by Contact

Having a disabled child in the family has an effect on everyone, not just parents and siblings.

If your grandchild is born or diagnosed with a disability or health condition you may feel increased pressure to provide help and support to your family, even whilst coming to terms with the news about your grandchild’s condition.

Like many grandparents you may already be involved in your grandchildren’s care – perhaps looking after them while their parents are at work. There will be added pressures if your grandchild has a disability and there will be emotions of your own to deal with.

Every family is unique but many families describe their initial feelings as a kind of grieving process which sometimes leads on to looking for someone or something to blame. As a grandparent, if you can respond positively to the fact of your grandchild’s disability, you can influence the adjustment of the parents and of other extended family members.

Many grandparents say that having a disabled grandchild has brought the family closer together. However, not all families have good relationships and sometimes the arrival of a disabled child can add to already strained relationships. As a grandparent you may not always share the same ideas about parenting as your son or daughter and their partner. What is important, however, is a consistent approach with the child. Difficulties can often be avoided by everyone responding to the child in a similar way, particularly for children with behavioural problems.

How can you help?

You may feel afraid and not quite know how to help or get involved but simple things can make a real difference and make life easier for your family. Sometimes it’s the little things that matter like making a meal, doing shopping or babysitting so the parent can take a break.

Support services are not always in place or sufficient. The parents may be struggling even if  they appear to be coping. Dealing with a range of services can itself be exhausting. Some parents might need support in asking for the help they need, such as a short break or applying for benefits.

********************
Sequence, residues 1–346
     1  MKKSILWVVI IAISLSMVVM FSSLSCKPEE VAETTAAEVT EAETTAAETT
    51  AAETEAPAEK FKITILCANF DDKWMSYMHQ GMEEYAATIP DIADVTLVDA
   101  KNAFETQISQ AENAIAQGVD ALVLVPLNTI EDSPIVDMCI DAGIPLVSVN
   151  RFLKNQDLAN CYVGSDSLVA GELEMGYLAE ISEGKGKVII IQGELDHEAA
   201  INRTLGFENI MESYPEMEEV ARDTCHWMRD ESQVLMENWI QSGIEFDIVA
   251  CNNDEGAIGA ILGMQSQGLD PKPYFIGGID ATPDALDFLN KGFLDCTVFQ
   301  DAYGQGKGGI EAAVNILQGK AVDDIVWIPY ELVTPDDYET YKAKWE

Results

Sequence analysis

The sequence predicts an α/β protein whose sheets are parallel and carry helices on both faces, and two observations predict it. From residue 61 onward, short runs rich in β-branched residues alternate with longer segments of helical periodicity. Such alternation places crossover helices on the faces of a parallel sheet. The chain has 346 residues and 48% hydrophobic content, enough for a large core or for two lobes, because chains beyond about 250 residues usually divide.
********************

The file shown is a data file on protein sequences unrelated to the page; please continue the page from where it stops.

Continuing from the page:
Information is important too. Often there are support groups for specific conditions offering useful leaflets for families. They might also provide an opportunity for parents to gain support from other parents with disabled children.

There may be some particularly difficult times for parents, such as around the time of a diagnosis, or when no specific diagnosis can be given. Starting school, moving to secondary school and transition into adult services can be stressful times when your extra support may be very welcome.


Most siblings of disabled children cope very well with their childhood experiences and sometimes feel strengthened by them. Avoiding family secrets, as well as giving siblings the chance to express their feelings and opinions, can go a long way to help them deal with worries and difficulties that are bound to arise from time to time.

There are of course challenges for siblings. They may not get to spend as much time with their parent/s as they would like or they may feel they miss out on opportunities and activities that other children take for granted.

That’s why it can be so important for grandparents to devote some time to siblings if they can, and to help them enjoy new experiences away from some of life’s difficulties.

Equally supportive, where possible, is taking care of the disabled child for a while, so the siblings can have some precious time with their parents.

Looking after yourself

You may find yourself so caught up in worrying about everyone else that you forget to look after yourself. You may be juggling work and supporting your family, or caring for an elderly parent. Be realistic about the kind of help you can offer and consider your own health and wellbeing.

Tips from grandparents
  • Be led by the parents – they will tell you what they need
  • Listen, be a sponge and don’t be oversensitive; sometimes parents will need someone to let off steam to
  • Offer help, don’t wait to be asked, but be sensitive
  • Focus on the child, not the disability – you can’t generalise about disability
  • Respect that acceptance of the child’s disability may take a long time for parents.
How Contact a Family can help

Contact is a UK-wide charity for families providing support, advice and information to families with disabled children.  Their freephone helpline can put you in touch with other families in the same situation, local or national support groups and give you medical information about your grandchild’s disability.

Contact also has regional offices providing support and helping you to find out what is available locally.

Contact has a guide for grandparents with disabled children. This is available free from the helpline or it can be viewed on the website.


Helpline: 0808 808 3555 Monday – Friday 9.30am – 5.00pm
Email: [email protected]